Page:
The Role of CNTNAP2 in the Development & Evolution of the Human Cerebral Cortex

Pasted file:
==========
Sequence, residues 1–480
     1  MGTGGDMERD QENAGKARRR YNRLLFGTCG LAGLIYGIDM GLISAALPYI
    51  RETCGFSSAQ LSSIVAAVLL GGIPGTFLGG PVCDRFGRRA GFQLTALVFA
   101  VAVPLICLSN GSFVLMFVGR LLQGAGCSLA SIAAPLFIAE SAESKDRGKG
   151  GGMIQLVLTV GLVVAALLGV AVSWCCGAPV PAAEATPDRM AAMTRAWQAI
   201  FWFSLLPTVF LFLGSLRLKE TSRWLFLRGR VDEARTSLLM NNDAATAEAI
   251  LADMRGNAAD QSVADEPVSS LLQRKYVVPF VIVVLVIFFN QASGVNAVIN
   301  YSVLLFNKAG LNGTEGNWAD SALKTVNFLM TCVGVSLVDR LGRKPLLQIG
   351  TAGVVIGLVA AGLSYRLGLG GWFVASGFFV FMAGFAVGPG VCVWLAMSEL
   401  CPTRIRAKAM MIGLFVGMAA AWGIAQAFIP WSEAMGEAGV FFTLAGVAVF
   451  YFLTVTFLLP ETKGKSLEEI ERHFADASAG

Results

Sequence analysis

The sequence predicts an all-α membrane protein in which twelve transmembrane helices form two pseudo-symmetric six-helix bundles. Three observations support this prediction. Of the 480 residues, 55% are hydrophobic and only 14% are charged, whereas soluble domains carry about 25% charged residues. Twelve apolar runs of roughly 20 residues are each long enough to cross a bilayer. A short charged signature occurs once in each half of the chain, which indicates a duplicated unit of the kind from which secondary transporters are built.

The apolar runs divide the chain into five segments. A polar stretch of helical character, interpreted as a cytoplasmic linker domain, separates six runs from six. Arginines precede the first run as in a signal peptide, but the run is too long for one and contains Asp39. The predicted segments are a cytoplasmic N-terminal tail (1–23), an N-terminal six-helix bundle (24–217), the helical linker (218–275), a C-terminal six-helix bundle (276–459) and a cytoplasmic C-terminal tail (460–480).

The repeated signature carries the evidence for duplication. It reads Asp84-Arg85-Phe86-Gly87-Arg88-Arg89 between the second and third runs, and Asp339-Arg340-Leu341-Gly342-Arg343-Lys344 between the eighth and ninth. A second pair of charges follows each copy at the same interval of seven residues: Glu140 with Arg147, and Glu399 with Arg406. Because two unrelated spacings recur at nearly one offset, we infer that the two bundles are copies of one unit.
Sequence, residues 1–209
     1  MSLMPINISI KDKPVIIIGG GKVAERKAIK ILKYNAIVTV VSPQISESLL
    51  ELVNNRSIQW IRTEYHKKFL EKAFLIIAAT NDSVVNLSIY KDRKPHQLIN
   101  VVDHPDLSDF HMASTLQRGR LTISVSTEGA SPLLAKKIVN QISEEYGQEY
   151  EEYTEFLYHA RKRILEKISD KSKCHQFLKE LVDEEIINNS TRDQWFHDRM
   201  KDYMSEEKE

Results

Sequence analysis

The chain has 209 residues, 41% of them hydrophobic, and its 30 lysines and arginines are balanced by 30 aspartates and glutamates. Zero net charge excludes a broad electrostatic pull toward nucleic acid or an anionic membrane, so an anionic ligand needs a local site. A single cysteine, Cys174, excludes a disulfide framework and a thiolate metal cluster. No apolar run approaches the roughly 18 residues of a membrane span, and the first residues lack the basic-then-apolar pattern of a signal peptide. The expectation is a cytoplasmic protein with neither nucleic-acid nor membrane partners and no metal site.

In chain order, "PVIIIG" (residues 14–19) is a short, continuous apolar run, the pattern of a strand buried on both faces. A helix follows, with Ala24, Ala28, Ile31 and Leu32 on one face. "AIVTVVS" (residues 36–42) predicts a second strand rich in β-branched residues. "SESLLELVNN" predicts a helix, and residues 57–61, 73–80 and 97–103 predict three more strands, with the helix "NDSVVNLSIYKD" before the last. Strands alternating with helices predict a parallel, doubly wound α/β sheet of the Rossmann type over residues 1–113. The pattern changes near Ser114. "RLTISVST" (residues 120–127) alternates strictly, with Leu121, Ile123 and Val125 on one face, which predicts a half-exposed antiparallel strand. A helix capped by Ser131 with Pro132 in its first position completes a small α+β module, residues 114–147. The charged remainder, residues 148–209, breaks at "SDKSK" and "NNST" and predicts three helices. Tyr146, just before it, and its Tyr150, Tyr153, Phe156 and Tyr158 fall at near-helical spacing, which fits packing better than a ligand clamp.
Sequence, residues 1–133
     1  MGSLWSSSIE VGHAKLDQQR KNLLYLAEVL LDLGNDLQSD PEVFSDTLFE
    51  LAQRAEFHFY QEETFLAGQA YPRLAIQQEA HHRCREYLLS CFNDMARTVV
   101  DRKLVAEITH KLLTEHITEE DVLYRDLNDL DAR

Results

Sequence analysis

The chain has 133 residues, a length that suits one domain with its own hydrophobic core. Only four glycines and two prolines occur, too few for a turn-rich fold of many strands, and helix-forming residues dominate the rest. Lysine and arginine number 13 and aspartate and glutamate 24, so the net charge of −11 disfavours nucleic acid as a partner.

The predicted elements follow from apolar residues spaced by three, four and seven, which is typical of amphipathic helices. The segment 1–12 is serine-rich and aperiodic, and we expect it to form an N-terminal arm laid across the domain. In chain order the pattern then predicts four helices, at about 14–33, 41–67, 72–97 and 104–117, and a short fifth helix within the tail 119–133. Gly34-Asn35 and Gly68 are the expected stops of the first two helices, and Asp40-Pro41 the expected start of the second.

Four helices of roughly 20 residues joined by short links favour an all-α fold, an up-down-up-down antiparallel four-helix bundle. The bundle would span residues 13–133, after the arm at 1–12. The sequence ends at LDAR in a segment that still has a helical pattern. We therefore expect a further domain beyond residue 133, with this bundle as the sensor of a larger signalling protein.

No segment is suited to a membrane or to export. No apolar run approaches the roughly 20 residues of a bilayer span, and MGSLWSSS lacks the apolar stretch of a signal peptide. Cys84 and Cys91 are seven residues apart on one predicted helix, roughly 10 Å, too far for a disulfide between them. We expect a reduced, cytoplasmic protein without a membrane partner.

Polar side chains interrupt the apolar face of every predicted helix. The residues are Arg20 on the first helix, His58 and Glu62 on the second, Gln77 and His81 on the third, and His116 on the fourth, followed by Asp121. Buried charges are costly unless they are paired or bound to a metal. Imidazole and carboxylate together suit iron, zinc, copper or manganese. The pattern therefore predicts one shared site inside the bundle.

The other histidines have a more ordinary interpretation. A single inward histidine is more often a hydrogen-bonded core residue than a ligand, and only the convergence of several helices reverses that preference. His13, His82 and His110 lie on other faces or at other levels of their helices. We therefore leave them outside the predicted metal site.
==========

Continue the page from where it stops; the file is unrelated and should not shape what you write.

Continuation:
The differing cognitive abilities of humans and other primates are accompanied by changes to forebrain neuronal circuit composition and function. This is underpinned by species-specific features of their development. Excitatory neurons in the human cerebral cortex have longer neurites and more elaborate neurite branching than chimpanzees or macaques, which is thought to contribute to differences in neural network performance. To study how differences in expression of single genes contributes to inter-species differences in neuronal form and function, my research focused on Contactin-Associated Protein-like 2 (CNTNAP2), a gene important for neuronal differentiation and synapse formation, for which there is accumulating evidence for differential use in the human cerebral cortex compared with other primates. Previous work in mice has found that loss of Cntnap2 function reduces neurite branching and dendritic spine density in vitro and in vivo. The potential evolutionary significance of this gene is highlighted by the presence of eight human accelerated regions (HARs), suggesting that there are human-specific aspects to its temporal and spatial expression during cortical development. The research presented in this thesis used human and non-human primate stem cell- derived forebrain neurons to study several aspects of CNTNAP2’s function in human cerebral cortex development. We present the first study of neurite outgrowth and neuronal activity in forebrain neurons generated from a human CNTNAP2 knockout (KO) pluripotent stem cell line. Differentiated human CNTNAP2 KO neurons have reduced neurite branching relative to wild type cells. Strikingly, the KO neurons were significantly more active - bursting more strongly and more frequently. We also applied a combination of bioinformatic and experimental approaches to show one or more of the CNTNAP2 HARs may be a gene enhancer. Our results indicate that loss of function mutations in CNTNAP2 contribute to human neurodevelopmental diseases through altering neuronal activity. This may be due to changes in neurite branching, and ultimately, to neuronal connectivity. These discoveries suggest a mechanism by which CNTNAP2 mutations causes disease in affected children, and may have contributed to the evolution of human-specialized brain function. This model will now be invaluable in deciphering the downstream molecular events caused by CNTNAP2 mutations, and may provide molecular targets for novel treatments in CNTNAP2 patients.